Anyone who watched a Place in the Sun on Wednesday will have seen a woman who was viewing a holiday apartment in Cyprus break down in tears of joy.
The one-bedroom apartment had a sea view, with a communal pool and a balcony, close to amenities and a beach; everything that she and her husband had been looking for.
After some negotiation, the couple had their offer accepted and purchased the apartment.
But I expect, like so many others who have bought an apartment in Cyprus, she and her husband didn’t realise the problems they may face.
Apartments and other residential complexes with shared facilities comprising more than four units are required by law to have a Management Committee that regulates and manages all relevant affairs.
The owners of all units in these complexes must contribute to the costs of insuring, maintaining, repairing, restoring and managing the jointly-owned building. These contributions are known colloquially as communal fees.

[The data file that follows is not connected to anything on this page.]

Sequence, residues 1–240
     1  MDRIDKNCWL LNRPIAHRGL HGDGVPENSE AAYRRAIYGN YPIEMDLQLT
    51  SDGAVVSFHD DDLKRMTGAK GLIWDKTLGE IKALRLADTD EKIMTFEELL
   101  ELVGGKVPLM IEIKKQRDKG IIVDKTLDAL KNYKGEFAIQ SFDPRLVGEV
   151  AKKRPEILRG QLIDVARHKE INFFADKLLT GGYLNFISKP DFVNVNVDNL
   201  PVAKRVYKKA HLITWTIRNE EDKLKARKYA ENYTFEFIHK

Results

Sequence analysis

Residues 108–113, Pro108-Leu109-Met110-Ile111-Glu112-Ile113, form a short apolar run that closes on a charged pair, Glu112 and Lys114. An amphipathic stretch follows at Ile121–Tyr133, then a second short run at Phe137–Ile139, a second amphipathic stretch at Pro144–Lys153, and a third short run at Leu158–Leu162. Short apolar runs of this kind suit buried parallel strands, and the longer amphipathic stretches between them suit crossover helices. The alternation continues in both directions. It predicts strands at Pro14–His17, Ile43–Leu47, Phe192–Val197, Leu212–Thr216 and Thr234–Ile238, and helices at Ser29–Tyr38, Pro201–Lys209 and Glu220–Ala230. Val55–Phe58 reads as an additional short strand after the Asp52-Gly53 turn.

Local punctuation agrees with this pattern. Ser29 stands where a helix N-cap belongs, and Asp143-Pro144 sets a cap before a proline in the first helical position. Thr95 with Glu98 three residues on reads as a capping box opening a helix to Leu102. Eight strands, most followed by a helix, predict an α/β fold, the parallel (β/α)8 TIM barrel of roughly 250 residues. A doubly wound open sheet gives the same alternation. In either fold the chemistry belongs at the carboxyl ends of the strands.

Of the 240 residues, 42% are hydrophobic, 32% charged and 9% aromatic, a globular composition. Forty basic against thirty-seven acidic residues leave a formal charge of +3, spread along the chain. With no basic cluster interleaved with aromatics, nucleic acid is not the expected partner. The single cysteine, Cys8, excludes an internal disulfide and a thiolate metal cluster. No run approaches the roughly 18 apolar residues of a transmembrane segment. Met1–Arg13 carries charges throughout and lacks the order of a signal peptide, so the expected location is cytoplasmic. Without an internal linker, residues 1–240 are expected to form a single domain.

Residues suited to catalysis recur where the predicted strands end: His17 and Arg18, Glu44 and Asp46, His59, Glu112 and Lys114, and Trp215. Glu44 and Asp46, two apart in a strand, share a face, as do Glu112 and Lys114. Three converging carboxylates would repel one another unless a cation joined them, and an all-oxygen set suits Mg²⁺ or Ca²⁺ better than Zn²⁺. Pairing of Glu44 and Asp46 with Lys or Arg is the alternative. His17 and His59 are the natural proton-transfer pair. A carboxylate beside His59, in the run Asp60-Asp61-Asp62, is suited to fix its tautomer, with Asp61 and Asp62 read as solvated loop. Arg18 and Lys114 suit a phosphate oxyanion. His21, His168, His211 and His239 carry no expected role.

On the face of it this is a very good idea and works well in other countries. Communal fees are used ensure that the building and its shared facilities such as swimming pools, gardens and tennis courts are maintained in good order thereby helping to maintain their look, value and the saleability of the units.
However, the law in Cyprus is unworkable. All too often problems arise as owners refuse to pay their communal fees. This problem is likely to get worse due to the pandemic as many people will have lost their jobs or are experiencing a severe drop in their income.
In cases where owners refuse to pay, the Management Committee has to cover the shortfall by raising the fees of the good payers to cover the shortfall. This causes resentment and often leads to a domino effect as more owners refuse to pay. Eventually the Management Committee resigns en masse and the buildings fall into disrepair and decay.
The only option open to the Management Committee is to sue the non-payers. This will cost in the region of €1,500 for legal fees and court costs – another expense that has to be covered by raising the fees of the good payers. In normal circumstances it takes 2, 3 or 4 years to get a court ruling against the non-payer.